Chenoweth and Roger Halligan work in markedly different dimensions: Chenoweth collapsing expansive forms onto a relatively two-dimensional surface and Halligan building outwards, expanding graphic compositions into three-dimensional space. Both artists pursue abstraction rigorously, manipulating familiar yet sometimes unexpected materials into novel forms and surfaces. Seen together here, their work is marked by both its differences and a subtle shared vocabulary.
Living and working in Lake City, South Carolina, Chenoweth and Halligan redeploy the detritus of our modern world — beachside garbage, caution tape, traffic cones, building materials — and create serendipitous windows into common landscapes and into their own process of making. Fragmentary Dimensions is an opportunity to look closely and discover the cunning breaches hidden within the work of these two artists where abstraction reigns but gives way to ruminations on the world weve built for ourselves and the aesthetic potential therein.
First Time - Mixed media and sculpted head. 22 x 17 x 3.5 inches. 1999.
Getting back into the studio after a holiday hiatus got me wondering about the works of mine still packaged and packed from our move over 2 years ago. Our decision to move from Chattanooga to Lake City, SC was done very quickly. It actually started out as a joke. I was delivering one of my wall pieces to the Artfields exhibition in the spring of 2019 to the small town of Lake City, SC. Oddly Lake City has no lake. It boarders the Lake Swamp which also has no lake. What Lake City does have is three excellent gallery spaces, run by the Artfields Collective and a 9 day visual arts exhibition that encompasses the town, focusing on contemporary works by hundreds of southern artists.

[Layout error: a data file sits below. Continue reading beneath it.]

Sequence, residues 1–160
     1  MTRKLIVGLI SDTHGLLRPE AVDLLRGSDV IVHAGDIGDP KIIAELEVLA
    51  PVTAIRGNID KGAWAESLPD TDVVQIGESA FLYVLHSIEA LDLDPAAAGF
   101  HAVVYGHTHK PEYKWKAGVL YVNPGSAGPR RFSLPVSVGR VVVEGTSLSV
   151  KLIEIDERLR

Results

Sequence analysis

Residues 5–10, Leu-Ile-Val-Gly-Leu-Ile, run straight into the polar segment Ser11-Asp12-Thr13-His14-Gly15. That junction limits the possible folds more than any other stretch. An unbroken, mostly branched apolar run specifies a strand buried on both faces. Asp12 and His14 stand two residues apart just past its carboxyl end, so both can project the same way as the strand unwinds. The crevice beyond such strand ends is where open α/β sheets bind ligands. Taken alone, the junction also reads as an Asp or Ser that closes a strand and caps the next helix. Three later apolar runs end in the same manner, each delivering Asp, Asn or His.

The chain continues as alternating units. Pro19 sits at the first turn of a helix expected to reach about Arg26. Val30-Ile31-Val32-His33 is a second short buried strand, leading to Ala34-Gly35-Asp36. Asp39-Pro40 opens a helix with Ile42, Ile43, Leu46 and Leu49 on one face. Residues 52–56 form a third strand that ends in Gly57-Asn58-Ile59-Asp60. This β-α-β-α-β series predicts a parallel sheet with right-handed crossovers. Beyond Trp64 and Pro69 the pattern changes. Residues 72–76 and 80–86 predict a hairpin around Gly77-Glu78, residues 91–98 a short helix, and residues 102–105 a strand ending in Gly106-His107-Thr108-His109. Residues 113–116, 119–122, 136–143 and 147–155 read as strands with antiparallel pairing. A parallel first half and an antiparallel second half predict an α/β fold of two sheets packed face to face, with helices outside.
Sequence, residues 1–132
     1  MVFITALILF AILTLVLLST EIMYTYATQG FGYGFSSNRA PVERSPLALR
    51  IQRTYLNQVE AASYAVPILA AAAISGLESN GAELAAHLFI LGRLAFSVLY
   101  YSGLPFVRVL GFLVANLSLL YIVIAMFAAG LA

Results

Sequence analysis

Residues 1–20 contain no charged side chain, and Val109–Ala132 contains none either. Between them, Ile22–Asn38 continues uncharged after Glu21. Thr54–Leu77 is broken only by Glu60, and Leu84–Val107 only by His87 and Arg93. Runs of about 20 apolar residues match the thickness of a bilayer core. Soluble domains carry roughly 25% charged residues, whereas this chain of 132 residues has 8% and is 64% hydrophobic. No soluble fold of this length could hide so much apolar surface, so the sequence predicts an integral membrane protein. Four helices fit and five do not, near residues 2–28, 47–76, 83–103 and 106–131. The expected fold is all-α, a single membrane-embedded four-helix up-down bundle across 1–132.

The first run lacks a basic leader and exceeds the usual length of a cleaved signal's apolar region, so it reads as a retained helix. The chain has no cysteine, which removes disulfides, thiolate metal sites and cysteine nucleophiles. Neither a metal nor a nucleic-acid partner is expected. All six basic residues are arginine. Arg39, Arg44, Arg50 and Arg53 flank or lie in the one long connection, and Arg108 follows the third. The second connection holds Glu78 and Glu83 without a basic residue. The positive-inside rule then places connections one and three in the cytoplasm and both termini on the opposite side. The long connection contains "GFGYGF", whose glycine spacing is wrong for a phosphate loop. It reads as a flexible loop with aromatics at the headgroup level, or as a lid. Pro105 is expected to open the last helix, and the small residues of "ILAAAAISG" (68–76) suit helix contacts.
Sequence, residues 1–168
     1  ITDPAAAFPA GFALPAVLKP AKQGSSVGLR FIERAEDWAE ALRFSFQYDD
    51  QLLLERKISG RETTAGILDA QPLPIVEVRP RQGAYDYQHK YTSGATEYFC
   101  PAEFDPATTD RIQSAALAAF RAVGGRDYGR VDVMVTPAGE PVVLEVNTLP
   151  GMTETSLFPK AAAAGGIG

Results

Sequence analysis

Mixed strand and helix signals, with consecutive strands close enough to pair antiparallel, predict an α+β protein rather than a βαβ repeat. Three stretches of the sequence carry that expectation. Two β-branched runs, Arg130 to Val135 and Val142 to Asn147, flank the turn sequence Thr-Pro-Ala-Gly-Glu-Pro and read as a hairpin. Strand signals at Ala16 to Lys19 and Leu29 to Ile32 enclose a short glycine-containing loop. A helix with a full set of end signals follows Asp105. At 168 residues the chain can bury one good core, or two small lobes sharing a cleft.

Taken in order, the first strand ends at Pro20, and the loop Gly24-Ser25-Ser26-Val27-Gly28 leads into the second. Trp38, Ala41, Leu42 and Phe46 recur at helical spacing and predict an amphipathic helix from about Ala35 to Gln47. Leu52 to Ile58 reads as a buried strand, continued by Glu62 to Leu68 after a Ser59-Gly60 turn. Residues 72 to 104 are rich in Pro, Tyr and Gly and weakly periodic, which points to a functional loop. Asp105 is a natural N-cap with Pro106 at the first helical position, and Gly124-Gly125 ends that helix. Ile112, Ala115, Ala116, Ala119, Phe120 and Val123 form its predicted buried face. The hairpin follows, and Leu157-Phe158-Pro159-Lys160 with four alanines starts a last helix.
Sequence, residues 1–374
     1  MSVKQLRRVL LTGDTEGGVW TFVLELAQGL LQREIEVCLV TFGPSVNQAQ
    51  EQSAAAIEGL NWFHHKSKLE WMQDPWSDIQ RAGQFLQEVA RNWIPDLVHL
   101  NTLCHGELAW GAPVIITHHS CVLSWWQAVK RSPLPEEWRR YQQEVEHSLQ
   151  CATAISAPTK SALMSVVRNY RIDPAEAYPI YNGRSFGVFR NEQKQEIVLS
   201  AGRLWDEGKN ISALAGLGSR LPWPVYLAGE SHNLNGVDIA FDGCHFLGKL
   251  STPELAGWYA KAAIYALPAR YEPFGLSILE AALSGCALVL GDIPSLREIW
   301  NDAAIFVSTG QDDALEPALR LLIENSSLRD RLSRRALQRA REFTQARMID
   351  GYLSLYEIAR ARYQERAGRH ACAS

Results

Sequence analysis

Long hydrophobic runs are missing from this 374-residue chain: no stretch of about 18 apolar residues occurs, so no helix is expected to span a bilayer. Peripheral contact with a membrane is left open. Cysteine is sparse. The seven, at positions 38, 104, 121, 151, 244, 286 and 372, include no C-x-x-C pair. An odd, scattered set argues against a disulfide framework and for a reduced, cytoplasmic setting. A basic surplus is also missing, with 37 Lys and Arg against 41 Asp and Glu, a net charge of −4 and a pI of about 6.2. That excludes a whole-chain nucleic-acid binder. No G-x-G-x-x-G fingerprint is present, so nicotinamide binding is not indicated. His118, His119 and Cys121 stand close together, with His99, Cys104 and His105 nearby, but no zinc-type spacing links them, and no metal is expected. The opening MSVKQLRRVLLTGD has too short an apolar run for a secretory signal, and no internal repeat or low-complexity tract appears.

Jan and I were aware that our home/studio in the former Jehovah's Witness Kingdom Hall had significantly increased in value since we bought and renovated it.. We also knew our property taxes were getting pretty high. I joked that we could sell the Hall and probably buy a studio and home outright in the little town of Lake City. I said property has to be cheap in that little town. Jan responded it's in the middle of nowhere. I wasn't serious but that is indeed what we did. In less than a week of delivering my work to the Artfields exhibition we had purchased a building that was to be our new studiosand temporary home. The town of Lake City is truly a unique place and that became apparent to us rapidly after visiting and its not really in the middle of nowhere. We quickly realized it would satisfy our needs and desires over this next part of our life. It's near the coast and near to some our children and grand children. It's is affordable, and it's a unique and dynamic visual arts center with a variety of interesting show throughout the year. By late summer of 2019 we found a buyer for the Chattanooga property and moved to the renovated building that was to be our new studios, gallery and sculpture garden.
We had to move a houseful of furniture and art, 12 large outdoor sculptures, our studio equipment and our extensive art inventories. With help, we managed to get this all accomplished but we really didn't take the time to reflect on or cull the art we had packed. So, two plus years later we live in a renovated 1957 southern colonial, which we love. That's good because with the pandemic hitting our first winter here we have split most of our time between it and the studio. If we had to quarantine this wasn't so bad.